Another thing to note is that I would definitely hunt around for bargains for this lens. I believe it can go for up to 699 on camera stores in Canada - but can easily be got new for ~$350 on eBay.

Canon EF 100-400mm f/4.5-5.6L IS USM

Review Date: Apr 29, 2008 Recommend? no | Price paid: Not Indicated | Rating: 8 

Pros: 400mm on a 1.6X crop is very dramatic, Image Stabilization, Build Quality, Silent USM AF.
Weight, Size, AF Hunting in Low-Light, 1.8m minimum focus distance, push/pull/tension ring combo, price.

This review is based on a rented lens.

I used this lens primarily at the zoo, an obvious application of such a lens.

Straight up, I found the tension ring/push pull zoom combo hard to get used to, and definitely slow to use in a pinch. Typically you will use the ring to lock the zoom when carrying around the lens, and loosen the tension when you go to shoot - however, if you need to take a quick shot, the necessity to change the zoom tension to adjust the focal length can invariably make you miss the shot (unless the position that you lock your lens in is exactly the position that you need to shoot, which in my opinion is rare). Also, the potential of forgetting to tighten the tension ring will cause the lens to drop very quickly if put in a downward position - definitely something you don't want to happen to such an expensive lens. Also an annoyance was the fact that the tension ring sits flush with the focus ring - meaning that you're quite apt to accidently knock the focus around when adjusting the zoom tension. This comes into play often if you are finely adjusting focus thanks to full time manual focusing, hit the zoom tension by accident, which may cause the zoom to shift. At its tightest setting, it is very hard to unlock/loosen without using two hands. Understandable, since you dont want it over-easily unlocked, but it is definitely something that you have to get used to using. I find holding the focus ring with your middle and ring fingers and adjusting tension with your thumb will often get a good result - but the fact you have to develop a technique to use just this specific lens is a tad questionable.

For the application of a Zoo lens, this had particular trouble focusing through some glass and especially mesh. Of course this represents a difficult AF situation, but I was hoping that the lens would be able to behave better than it did in this regard. This also happens if you are shooting with foreground elements in the composition... focus will swim back and forth and not always lock on the subject you intend on.. you often need to specify an AF point in this case.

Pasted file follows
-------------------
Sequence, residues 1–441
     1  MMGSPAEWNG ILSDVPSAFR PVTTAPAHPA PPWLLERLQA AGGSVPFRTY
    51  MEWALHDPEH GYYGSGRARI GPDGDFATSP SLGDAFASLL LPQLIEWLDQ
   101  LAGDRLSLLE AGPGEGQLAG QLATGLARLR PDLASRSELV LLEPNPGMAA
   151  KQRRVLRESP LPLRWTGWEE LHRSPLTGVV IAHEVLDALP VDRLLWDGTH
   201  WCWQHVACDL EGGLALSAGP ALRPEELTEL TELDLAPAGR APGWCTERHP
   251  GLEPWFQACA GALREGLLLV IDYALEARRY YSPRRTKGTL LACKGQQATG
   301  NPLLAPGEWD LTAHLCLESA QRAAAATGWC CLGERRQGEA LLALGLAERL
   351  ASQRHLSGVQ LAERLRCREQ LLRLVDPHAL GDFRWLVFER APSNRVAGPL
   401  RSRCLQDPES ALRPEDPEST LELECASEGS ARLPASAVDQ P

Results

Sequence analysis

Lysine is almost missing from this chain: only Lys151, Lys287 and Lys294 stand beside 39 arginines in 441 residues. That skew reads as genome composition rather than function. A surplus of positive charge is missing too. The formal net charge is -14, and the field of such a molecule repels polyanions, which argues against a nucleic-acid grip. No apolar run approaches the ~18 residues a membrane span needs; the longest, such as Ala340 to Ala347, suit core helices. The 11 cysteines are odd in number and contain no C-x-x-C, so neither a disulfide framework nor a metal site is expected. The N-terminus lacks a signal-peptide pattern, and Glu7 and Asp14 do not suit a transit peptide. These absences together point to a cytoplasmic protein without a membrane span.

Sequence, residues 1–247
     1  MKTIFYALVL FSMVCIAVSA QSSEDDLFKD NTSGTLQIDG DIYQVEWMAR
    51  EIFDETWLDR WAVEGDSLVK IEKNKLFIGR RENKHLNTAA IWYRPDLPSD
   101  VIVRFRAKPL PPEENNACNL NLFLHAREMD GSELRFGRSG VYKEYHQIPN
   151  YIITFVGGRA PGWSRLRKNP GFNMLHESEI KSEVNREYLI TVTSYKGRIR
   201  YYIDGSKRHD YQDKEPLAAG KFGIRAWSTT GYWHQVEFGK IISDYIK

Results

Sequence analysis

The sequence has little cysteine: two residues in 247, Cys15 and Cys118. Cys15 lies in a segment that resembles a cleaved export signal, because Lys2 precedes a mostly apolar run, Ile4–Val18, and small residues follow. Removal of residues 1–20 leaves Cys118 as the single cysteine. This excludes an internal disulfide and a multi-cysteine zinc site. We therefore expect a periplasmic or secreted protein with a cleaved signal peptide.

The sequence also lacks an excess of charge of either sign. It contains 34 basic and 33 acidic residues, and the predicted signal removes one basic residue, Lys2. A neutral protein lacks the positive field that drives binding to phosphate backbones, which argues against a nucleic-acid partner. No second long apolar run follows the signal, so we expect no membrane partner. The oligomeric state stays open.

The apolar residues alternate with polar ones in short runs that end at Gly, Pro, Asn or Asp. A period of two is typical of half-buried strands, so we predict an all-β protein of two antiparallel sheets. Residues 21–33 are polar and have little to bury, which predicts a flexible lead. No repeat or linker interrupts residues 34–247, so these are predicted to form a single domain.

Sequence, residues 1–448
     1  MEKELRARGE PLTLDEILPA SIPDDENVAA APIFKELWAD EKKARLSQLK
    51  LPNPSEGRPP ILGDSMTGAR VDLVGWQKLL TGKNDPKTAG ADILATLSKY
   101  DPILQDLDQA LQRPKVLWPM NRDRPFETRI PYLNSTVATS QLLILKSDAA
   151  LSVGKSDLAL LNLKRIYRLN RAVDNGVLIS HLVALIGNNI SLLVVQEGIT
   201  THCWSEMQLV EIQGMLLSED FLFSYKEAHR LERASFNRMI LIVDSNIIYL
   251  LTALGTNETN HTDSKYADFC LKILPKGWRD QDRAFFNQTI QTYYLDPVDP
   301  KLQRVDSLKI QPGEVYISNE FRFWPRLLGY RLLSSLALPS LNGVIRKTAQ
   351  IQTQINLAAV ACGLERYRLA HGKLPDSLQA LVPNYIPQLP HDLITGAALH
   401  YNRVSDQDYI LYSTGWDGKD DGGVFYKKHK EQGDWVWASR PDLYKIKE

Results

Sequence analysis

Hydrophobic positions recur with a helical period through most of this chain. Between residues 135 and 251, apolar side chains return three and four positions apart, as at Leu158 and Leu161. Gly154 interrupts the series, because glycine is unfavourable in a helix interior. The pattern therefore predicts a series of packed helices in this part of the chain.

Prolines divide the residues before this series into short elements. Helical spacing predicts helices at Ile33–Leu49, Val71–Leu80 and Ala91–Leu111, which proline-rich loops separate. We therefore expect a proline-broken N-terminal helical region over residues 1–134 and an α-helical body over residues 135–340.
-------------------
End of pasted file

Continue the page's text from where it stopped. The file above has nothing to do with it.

Keeping on the subject of AF, shooting indoors with this lens definitely caused the USM to swim back and forth, causing me to miss a shot here and there. It was silent, however.

For those shooting animals, I figure it's important to mention that focusing on darker subjects such as black panthers or gorillas confuses the focus plenty, it seems... the AF needs enough contrast to lock a focus on, so shooting such animals with AF can be problematic. Expect to use MF or AF with some manual focus adjustments.

I also found the minimum focus distance to be a tad long @ 1.8m... there were definitely times where a subject was closer than this and the lens was unable to lock focus. Extension tubes can be bought to aid this but I typically shoot natively with the lens.

For shooting animals, I found the 4.5-5.6 aperture a tad slow for moving subjects, with both the AF and the aperture often missing and losing out on many good shots. This was especially true indoors.

IS was a definite help.. I was able to often shoot at shutter speeds of 1/30 @ 400mm indoors and still get some shots in.

Wide open, the shots when the AF did lock were quite sharp. I did not have time to do any resolution chart testing, only real life shots, and was generally impressed by the sharpness. That being said, my shot ratio of hits was rather low because of the combination of problems listed above. My feeling is if you are shooting outside, with slower moving far-away subjects that are unobstructed, this would be an ideal lens. However, if the subjects start to move closer, if you're shooting through fences or glass, or are fast-moving, you're likely going to get a low hit ratio with this lens. Of course, the more you use it the more you can learn to expect what it will do, so my assumption is that this ratio would get better over time. But being an L Lens I am being extremely critical...

The overall image quality was quite good. Bokeh is definitely very pleasing, colors very neutral, contrasty, with an appropriate amount of saturation. Vignetting and CAs did not show up in my field pictures enough to really be a factor. I think it is important to note that owning mainly non-L Lenses, I was not especially blown away by the images taken with this L Lens (especially as much as I had come to expect).

A small niggle - I found the distance window almost obstructed by my built in flash... it is very close to the lens mount which definitely makes it harder to see.

Handholding the lens with the tripod mount is not recommended.. the distance between the lens and the mount is very small and getting your hand in a comfortable position is a tad difficult (but not impossible). In fact, the ideal spot to grip the lens is squarely where the tripod mount sits. Also, You also must remove the lens to remove the tripod mount. A minor nuisance, but a concern nonetheless.

The build quality is very good. Being built of an all-metal chassis definitely makes it make like it was built to last. The plastic lens hood definitely feels like it would not hold up to as much punishment as the lens would though...

The included lens case was more than adequate for carrying this lens around. It's too bad Canon does include all these accessories with their other non-L lenses.

Through all this, my overall impression is the 70-200 L lens is a much more versatile lens, especially with being able to combine this lens with 1.4 and 2x extenders. The usability of that lens seems to be much more typical and the f2.8 aperture with a slightly closer focusing distance means that this would probably be a much more used lens for me, of course, your mileage may vary.